Monday, June 12, 2017


I'm going to go out on a limb here and say that I think firefighters are heroes.

I recently was trying to fill out some disability paperwork for a firefighter who was injured in the course of his job.  It was a specific form just for firefighters.  Unfortunately, one of the most important Yes/No questions about how the injury pertained to the job was The Most Confusingly Worded Question Ever.  I think it had a triple negative.

I wanted to help the firefighter by getting him the disability benefits he deserved, but I could not figure out how to answer this question in his favor.  I showed the question to three other physicians and NONE of us could figure it out.  I finally picked one, because I had to.

It turned out to be the wrong answer.  (We were able to redo it, fortunately.)

I'd just like to thank whoever developed that paperwork to help deprive heroes of the benefits they deserve.  I hope you sleep very well at night.

Thursday, June 8, 2017

The Hard Questions

I get asked questions in the course of my day that can be hard to answer.

"Will I ever be able to walk again?"

"Will I have another stroke?"

"Can you fix my back pain?"

So sometimes it can be a relief to hear a medical question that I absolutely can answer:

"Mommy, since you're a doctor, can you tell me.... is a thumb a finger?"

"YES.  It is."

"Mommy says it is!!  I told you so!"

Monday, June 5, 2017

My dear friend

Does anyone else refer to patients as "friends"?

I'm not saying that you are actually friends.  I'm not suggesting anyone takes their ICU patient out for a beer.  But I feel like I hear things like this:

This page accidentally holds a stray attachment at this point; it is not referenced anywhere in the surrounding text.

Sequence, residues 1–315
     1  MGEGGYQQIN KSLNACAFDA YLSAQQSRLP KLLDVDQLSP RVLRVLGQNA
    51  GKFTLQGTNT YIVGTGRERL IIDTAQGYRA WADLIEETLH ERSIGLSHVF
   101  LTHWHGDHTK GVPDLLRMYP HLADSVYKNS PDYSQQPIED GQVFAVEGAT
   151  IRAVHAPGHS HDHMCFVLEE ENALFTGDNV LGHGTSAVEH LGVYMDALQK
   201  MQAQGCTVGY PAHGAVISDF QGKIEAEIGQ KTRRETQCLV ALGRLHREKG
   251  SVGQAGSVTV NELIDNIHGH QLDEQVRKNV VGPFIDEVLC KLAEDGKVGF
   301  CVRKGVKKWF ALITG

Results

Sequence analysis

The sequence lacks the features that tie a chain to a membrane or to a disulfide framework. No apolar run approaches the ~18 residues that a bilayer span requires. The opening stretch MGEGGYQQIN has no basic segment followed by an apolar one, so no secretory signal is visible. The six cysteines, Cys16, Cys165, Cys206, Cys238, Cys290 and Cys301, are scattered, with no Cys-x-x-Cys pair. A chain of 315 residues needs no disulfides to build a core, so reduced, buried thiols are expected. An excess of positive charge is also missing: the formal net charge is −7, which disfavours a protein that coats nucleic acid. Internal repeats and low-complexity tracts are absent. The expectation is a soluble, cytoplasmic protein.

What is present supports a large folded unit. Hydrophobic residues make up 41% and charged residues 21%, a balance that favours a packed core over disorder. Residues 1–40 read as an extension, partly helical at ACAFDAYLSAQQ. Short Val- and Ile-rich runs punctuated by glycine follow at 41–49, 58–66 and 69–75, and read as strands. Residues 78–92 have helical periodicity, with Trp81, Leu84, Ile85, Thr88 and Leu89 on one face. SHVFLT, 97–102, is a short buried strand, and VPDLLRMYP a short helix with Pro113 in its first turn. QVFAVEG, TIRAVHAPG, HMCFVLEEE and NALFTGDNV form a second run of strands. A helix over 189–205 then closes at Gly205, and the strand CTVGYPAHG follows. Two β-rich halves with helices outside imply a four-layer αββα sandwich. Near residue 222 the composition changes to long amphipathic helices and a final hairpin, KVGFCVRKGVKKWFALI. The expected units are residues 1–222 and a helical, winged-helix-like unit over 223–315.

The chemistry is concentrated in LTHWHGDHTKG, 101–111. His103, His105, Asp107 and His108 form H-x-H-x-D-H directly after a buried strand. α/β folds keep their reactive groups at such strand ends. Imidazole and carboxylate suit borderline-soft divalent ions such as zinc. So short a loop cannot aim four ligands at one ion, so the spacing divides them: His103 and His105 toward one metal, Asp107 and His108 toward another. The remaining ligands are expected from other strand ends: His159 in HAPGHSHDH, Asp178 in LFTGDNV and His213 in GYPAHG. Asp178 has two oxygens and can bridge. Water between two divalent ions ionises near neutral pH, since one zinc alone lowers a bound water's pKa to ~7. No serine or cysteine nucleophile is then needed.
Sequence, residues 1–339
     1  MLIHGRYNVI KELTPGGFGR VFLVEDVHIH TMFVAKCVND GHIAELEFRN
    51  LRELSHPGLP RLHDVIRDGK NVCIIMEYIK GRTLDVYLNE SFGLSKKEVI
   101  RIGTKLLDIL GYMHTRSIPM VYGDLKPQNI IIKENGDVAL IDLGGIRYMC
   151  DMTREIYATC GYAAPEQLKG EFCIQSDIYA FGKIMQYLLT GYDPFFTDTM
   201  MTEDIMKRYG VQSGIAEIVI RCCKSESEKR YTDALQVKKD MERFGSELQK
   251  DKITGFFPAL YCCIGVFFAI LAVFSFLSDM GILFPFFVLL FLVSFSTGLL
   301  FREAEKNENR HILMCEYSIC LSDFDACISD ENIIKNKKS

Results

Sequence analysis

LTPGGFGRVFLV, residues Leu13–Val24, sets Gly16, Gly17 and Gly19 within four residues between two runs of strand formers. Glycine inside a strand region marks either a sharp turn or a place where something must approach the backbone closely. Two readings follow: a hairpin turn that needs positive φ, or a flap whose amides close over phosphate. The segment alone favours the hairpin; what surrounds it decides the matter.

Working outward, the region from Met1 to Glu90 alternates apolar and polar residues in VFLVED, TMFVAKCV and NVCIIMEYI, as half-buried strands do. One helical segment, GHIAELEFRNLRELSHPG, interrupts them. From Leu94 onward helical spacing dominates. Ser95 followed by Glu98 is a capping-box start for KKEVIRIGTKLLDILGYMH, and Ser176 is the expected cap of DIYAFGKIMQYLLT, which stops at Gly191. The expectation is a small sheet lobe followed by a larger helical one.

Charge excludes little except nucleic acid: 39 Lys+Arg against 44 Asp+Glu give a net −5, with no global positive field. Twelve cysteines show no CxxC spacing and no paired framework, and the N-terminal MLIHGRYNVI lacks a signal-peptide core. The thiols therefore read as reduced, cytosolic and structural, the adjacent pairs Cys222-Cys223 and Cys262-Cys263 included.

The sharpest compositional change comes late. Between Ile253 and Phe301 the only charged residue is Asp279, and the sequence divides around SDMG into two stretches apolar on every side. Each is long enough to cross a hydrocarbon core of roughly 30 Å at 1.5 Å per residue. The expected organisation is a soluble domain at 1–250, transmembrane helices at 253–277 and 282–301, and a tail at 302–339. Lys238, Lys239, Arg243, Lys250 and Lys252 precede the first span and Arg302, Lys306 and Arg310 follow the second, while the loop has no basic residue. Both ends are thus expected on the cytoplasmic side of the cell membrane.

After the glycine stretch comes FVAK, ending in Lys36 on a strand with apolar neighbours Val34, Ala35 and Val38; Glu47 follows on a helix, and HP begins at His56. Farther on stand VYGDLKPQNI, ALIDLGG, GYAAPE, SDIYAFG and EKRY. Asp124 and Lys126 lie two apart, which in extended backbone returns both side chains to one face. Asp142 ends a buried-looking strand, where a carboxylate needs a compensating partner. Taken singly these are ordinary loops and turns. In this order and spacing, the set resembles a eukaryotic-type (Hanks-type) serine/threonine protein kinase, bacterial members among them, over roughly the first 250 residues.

Nurse: "Our friend in room 305 is asking for more morphine again."

In writing this post, I'm realizing that we tend to use the word "friend" to refer more to difficult patients.

With that in mind, it worries me a little that the teachers at my kids' daycare refer to all the kids as "friends."

Friday, June 2, 2017

Glitter is worse than herpes

I’ve got a terrible case of glitter today.

Don’t laugh. Glitter is a very real affliction. More people’s lives are affected by glitter than by stroke and heart disease combined.

Glitter is just like herpes. It’s not dangerous or deadly, but it’s super annoying. You think it’s just in one place, but then it spreads to other places. Most of the time, you’re not even sure where it came from. But once you’ve got it, it’s nearly impossible to get rid of. And you can give it to anyone you have contact with. Even if you just touch them. So really, it’s worse than herpes.

I mean, not that I’ve ever had herpes or anything. But I’ve heard stories. You know.

With a little girl in the house, we’re always in danger of a glitter attack. On one occasion, Leah must have stuffed some glitter in one of her pockets, because when I did the laundry, all of our clothing was covered in glitter. I remember my husband holding up one of his white dress shirts for work with a horrified look on his face when he saw it was covered in shiny specks. I can’t go to work dressed like Beyonce!